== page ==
Life in Israel is pretty much similar to life anywhere on the planet. People die and get born, go to school and university and we celebrate birthdays and weddings. We are also confronted daily by numerous billboards trying to sell us anything from cars to sunglasses.
But there is a small detail that I have noticed only here in Israel. (Though it is apparently also found in religious Jewish countries around the world.) In the upper right corner of death notices, birth or wedding invitations and on some billboards (usually aimed at the religious population) you will find the words bs”d. (Not to be confused with BDS!)
I heard that religious Jews also write these three letters at the top of their notes, letters and other correspondence.
But what does it mean? Is it a secret code?
The word “heavens” refers to God, as in with the help of God we are hosting this wedding. Or with the help of God the restaurant advertised on this billboard will serve these delicious smelling coffee and cakes ...
The word heavens instead of God is used because the sender is worried that the invitation or notebook or advertisement will eventually be thrown out and go to a landfill.
Old Bibles and religious writings or any piece of paper referring to God are carefully disposed in a genizah. A genizah is sort of like disposal place for religious Jewish texts such as old Bibles and papers with religious content.
An ancient language that is still used today
The Talmud and other ancient religious writings were written in Aramaic. Anyone serious about studying Judaism will definitely also learn some of this ancient language too. Luckily there are many similarities to Hebrew, so if you know your Hebrew well, you can more or less figure out the Aramaic.
WHO could make such a silly spelling mistake?
Female words such as grandmother usually ends in a “h” in Hebrew, so I presumed that it is written in Hebrew as סבתה and not סבתא when my daughters ( they were still.small and needed my help) and I wrote their Hebrew-speaking granny a birthday card.
For some reason my sister-in-law looked at the card and asked WHO wrote safta with an h! BIG spelling mistake! It was then that I learnt that the contemporary words for grandmother and grandfather in Hebrew are actually Aramaic words.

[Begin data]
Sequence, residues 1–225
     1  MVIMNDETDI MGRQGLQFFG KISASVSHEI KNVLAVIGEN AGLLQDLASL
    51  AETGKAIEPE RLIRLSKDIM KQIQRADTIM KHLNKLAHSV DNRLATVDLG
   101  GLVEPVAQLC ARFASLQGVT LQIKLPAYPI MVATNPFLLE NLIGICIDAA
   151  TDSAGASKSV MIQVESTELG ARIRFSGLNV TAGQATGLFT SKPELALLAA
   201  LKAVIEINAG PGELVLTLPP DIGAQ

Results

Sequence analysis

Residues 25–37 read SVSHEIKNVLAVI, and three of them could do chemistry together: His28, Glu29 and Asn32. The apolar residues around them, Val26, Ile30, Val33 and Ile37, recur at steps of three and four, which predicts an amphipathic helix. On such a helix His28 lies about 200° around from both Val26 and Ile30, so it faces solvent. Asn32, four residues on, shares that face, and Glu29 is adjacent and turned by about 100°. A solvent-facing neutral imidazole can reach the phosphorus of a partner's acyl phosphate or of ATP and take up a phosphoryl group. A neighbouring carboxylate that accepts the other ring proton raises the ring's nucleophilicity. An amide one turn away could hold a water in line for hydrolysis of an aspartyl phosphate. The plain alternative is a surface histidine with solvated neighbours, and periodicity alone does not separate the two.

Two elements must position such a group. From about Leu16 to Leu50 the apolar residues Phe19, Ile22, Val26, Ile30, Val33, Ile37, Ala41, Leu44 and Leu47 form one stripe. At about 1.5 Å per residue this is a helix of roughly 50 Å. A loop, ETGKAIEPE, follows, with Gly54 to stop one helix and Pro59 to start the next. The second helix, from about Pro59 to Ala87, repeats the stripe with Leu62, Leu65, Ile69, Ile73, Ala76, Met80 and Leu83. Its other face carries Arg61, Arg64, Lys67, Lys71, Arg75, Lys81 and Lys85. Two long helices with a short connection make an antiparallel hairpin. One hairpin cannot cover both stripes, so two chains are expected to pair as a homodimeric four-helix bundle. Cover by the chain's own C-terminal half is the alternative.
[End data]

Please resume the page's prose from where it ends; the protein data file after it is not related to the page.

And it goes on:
Aramaic for everyone
It is abra kedabara! And I have no idea why it has become this phrase said by magicians but it is quite fitting.
Abra kedabara means “I will create with my words”. As a writer I thought that this is such a cool battle-cry for wordsmiths because we DO create with our words. How cool will it be to add these words at the top of my notebooks and blog posts!
But abra kedabara actually refers to spoken words. It is rather “I will create with the words that I say” and is much.more suitable for magicians than writers.
So now I have to figure out an Aramaic battle-cry for people like me who create with written words. Sadly Google translate does not have an Aramaic translation option and I only know a few phrases and words myself. Basically all the words that I have mentioned up to now.
I will create
Religious Jewish people already have bs”d to write at the top of their pages, Steven Pressfield says a prayer to the muses and others literary put on their writing hats. That is, a hat that they only wear when they write.
My personal style is to just jump right in and start writing. I usually have the words and thoughts already milling about in my head and it is a bit of a relief to finally start writing them down and start to make sense of them.
But some help from the heavens will always be appreciated!